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The Thin Red Line--The Facts Behind the Story

This is a film adaptation of James Jones' famous novel of U.S. Army combat in the Pacific during World War II. While much of the nation's attention was focused on the U.S. Marines at war in the Pacific, major combat elements of the United States Army were committed in that theater and were involved in some of the heaviest fighting.

In some cases, Army units were employed as follow-on forces once Marines had forced a beachhead and at other times Army commands operated independently in the drive from the southern Solomons to the Japanese home islands. The priority for commitment of resources was always the European Theater first as agreed upon by the Big Three allies in World War II, but Army ground and aviation forces fought a tough battle in the Pacific beside the more high-profile units of the U.S. Navy and Marine Corps.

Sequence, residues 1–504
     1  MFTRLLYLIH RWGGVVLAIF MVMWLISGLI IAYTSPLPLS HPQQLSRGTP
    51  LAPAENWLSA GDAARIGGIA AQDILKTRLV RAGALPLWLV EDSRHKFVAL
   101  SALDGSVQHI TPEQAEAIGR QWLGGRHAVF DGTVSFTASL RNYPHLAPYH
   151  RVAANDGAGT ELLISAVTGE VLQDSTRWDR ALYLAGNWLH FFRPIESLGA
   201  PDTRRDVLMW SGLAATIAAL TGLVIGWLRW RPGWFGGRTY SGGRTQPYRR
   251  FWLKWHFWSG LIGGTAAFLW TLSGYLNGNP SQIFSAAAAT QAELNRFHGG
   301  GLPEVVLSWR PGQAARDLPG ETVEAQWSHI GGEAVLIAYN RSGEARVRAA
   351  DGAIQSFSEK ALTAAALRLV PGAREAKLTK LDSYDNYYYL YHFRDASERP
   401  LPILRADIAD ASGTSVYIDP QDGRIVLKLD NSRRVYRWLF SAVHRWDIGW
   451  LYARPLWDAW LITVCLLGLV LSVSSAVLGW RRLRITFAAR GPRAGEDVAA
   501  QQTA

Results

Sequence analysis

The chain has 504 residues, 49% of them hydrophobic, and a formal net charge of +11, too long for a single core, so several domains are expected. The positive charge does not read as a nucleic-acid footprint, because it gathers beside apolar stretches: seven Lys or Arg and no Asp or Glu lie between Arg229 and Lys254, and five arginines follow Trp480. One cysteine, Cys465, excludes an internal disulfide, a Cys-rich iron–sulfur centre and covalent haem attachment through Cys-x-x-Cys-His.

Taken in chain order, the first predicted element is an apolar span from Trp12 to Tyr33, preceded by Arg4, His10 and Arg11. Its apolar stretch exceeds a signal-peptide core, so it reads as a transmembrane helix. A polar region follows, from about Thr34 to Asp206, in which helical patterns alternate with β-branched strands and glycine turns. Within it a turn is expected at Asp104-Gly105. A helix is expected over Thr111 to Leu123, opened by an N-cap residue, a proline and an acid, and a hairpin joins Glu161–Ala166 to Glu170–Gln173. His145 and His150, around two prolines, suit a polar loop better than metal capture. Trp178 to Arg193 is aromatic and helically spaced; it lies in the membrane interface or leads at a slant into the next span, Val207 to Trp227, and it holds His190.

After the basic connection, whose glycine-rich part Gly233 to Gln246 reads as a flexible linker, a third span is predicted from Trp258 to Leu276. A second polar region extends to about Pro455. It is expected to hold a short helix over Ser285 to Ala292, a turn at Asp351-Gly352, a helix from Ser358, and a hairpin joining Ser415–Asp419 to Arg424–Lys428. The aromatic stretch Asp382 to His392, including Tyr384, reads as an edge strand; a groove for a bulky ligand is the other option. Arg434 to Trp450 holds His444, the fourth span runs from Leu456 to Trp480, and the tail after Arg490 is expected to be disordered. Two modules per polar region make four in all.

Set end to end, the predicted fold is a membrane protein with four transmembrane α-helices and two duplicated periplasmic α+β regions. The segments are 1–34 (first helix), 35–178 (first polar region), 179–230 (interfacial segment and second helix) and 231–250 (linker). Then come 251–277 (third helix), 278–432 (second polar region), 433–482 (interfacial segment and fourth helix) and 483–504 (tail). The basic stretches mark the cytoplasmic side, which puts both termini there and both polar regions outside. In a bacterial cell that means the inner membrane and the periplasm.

It should be recalled by students of the period that the Commander-in-Chief of all forces in the Pacific was Army General Douglas MacArthur. The major Army combat command in the Pacific was the 6th U.S. Army commanded by Lieutenant General Walter Krueger who directed the invasion of the Philippines and the re-capture of that island nation toward the end of the war.

One of the first Army units committed to combat in the Pacific was the 25th Infantry Division which was sent from Hawaii to take part in the Solomon Islands campaign and relieve the Marines on Guadalcanal at the end of 1942. One of the first regiments of that Division sent after the Japanese hiding in the jungle was the 27th Infantry (Wolfhounds), the unit to which author Jones was attached as a rifleman when he landed on Guadalcanal.